National Population Unit: briefing

Social Development

14 September 1999
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WELFARE & POPULATION DEVELOPMENT PORTFOLIO COMMITTEE
15 September 1999
NATIONAL POPULATION UNIT: BRIEFING

Documents handed out:
National Population Unit: briefing

 


MINUTES
The Director General, Ms L Abrahams, introduced Mr Jacques van Zuydam (Chief Director: National Population Unit) who gave a briefing on the National Population Unit (see Appendix 1).

The is no record of the questions that were asked.

Appendix 1:
National Population Unit: briefing
15 September 1999

Introduction
This report firstly outlines the activities of the National Population Unit (NPU) since the adoption of the "Population Policy for South Africa" by the parliament in April 1998. Secondly, it reflects on the current restrategisation activities of the NPU, which will frame its strategic planning for the coming years. Key activities for the rest of the year are also outlined. A further briefing session to the Portfolio Committee is planned for November 1999, at which the strategic plan of the NPU for the next five years, and next year's business plan, will be presented.

Activities 1998 - 9
Introduction
The new Population Policy for South Africa was adopted in Parliament on 28 April 1998, following active involvement by the Portfolio Committee during 1997 - 8. Immediately thereafter the NPU started with initial strategic preparations to operationalise the policy. These preparations included a series of five internal workshops during the period May to July1998. The Provincial Population Units (PPUs) were also involved in this process. The aim was to conceptualise the policy implementation process and to identify the base issue and focal issues to guide the process of unpacking the policy in a systematic way. It was decided that an "issue-driven" approach will be followed in this process. The base issue was identified as poverty. The focal issues included HIV/AIDS and migration. It culminated in a submission to the Departmental Committee for Developmental Social Services (DCDSS) with specific recommendations on details of the policy implementation process, as envisaged at that stage.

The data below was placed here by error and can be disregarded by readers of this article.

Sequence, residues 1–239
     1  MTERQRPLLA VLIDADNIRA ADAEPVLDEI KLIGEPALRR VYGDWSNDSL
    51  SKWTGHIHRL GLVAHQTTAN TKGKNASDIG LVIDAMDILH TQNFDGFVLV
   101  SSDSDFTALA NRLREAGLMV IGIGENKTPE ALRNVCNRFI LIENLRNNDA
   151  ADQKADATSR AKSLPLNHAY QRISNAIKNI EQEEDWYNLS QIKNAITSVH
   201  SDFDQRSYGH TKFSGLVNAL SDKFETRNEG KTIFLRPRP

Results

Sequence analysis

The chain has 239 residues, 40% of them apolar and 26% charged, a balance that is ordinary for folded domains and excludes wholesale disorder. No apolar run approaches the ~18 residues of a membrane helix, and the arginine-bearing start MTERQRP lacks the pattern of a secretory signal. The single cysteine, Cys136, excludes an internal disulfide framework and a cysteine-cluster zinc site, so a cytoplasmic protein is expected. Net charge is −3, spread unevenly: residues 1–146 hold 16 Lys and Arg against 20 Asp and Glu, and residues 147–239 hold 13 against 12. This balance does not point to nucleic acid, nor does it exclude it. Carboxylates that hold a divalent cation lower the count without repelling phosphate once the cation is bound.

Strategic preparations for policy implementation were interrupted by the middle of 1998, when the NPU was instructed to coordinate the production of the ICPD+5 Country Report. Therefore, from July up to the end of 1998, all efforts and resources in the NPU were devoted to the compilation and finalisation of the Country Report, which was completed in February 1999. Obviously, this caused a complete deviation from the original planning of the NPU.